/hoo sayn"/, n.
1. Also Hosein, Husain. (al-Husayn), A.D. 629?-680, Arabian caliph, the son of Ali and Fatima and the brother of Hasan.
2. Saddam /sah dahm"/ (at-Takriti), born 1937, Iraqi political leader: president since 1979.

* * *

in full Ḥussein ibn Ṭalāl

born Nov. 14, 1935, Amman, Transjordan
died Feb. 7, 1999, Amman, Jordan

King of Jordan (1952–99).

Educated in Britain, he succeeded his father, King Ṭalāl, while still in his teens. His country's precarious geographic and economic position and the many Palestinians living there (whom he, unlike other Arab rulers, offered citizenship and a passport) forced him to chart a cautious course in international relations. Though he carried on secret talks with all Israeli leaders except Menachem Begin, he joined other Arab nations against Israel in the Six-Day War (1967). When the Jordan-based Palestine Liberation Organization (PLO) threatened his reign after defeat in that conflict, Ḥussein expelled it (1971). Thereafter he sought to repair relations with the PLO without unduly antagonizing Israel or the U.S. He surrendered Jordan's claim to the West Bank in 1988, ceding it to the PLO. He considered his 1994 peace treaty with Israel his crowning achievement.

King Ḥussein of Jordan.


* * *

▪ 2000
Hussein ibn Talal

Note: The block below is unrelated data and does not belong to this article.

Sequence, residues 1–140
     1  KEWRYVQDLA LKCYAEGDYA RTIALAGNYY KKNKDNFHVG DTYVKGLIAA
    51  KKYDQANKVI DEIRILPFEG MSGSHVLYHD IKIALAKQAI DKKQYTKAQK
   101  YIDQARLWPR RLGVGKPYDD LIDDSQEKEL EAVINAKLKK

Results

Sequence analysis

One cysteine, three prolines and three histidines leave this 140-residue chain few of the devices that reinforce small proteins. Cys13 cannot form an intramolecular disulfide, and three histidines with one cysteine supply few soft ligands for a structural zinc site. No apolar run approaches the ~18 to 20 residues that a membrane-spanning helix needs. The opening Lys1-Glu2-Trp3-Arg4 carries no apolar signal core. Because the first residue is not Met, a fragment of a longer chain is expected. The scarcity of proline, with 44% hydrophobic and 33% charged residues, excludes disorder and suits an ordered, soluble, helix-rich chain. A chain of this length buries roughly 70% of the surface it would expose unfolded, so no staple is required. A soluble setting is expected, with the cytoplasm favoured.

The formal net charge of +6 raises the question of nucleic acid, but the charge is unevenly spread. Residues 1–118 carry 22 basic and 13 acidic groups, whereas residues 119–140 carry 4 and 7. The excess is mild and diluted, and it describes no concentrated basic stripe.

Jordanian monarch (b. Nov. 14, 1935, Amman, Transjordan [now Jordan]—d. Feb. 7, 1999, Amman), was a moderate Arab ruler who fostered peace, stability, development, and tolerance in the Middle East, a turbulent region of political and religious extremism. During his 46-year reign, Hussein was one of the few Arab leaders to balance good relations with Western countries, particularly the U.K. and the U.S., with solidarity to the Arab world. Hussein was the grandson of King Abdullah of the Hashimite dynasty, which traced its lineage to the prophet Muhammad. He was educated in Egypt at Victoria College and in Britain at Harrow School and the Sandhurst Royal Military Academy. In 1951 he witnessed his grandfather's assassination by a Palestinian nationalist, and in 1953, at the age of 18, he succeeded his father, King Talal, who had been deposed by the parliament on the grounds of mental illness. Throughout his tenure Hussein faced difficult situations in trying to accommodate the interests of the Palestinians, many of them refugees, who formed Jordan's majority. In the 1950s Hussein survived coups and assassination attempts by Arab nationalists. During the Six-Day War of 1967, he lost the West Bank and East Jerusalem to Israel, and after the war Palestinian fedayeen commandos under Palestine Liberation Organization leader Yasir Arafat established a virtual state-within-a-state in Jordan. In 1970, during a period known as “Black September,” army troops defeated the Palestinian guerrillas attempting to overthrow Hussein's government. When Jordan stayed out of the 1973 Arab-Israeli war, the Arab League transferred (1974) Hussein's role as the representative of the Palestinian people to Arafat, and in 1988 Hussein surrendered Jordan's claim to the West Bank and East Jerusalem. During the Persian Gulf War (1990–91), he refused to join the coalition against Iraq's invasion of Kuwait and instead called for a peaceful resolution. This position prompted the U.S. and the U.K., as well as Saudi Arabia and other Arab countries, to withdraw much-needed financial assistance. Hussein later distanced himself from Iraq and played a pivotal role in brokering the postwar Arab-Israeli peace. Endorsing the Madrid conference sponsored by the U.S. in October 1991, he persuaded the Palestinians to participate in the peace talks. In 1994, after years of secret negotiations, Jordan entered into a long-sought peace treaty with Israel. In 1998, though frail from cancer treatment at the Mayo Clinic in Rochester, Minn., Hussein left the hospital to mediate in the summit between Israel and the Palestinian Authority in Wye, Md. Just before his death he unexpectedly altered the line of royal succession from his brother Hassan to his oldest son, Abdullah. Hussein was the author of three books: Uneasy Lies the Head (1962), My War with Israel (1969), and Mon Métier de Roi (1975).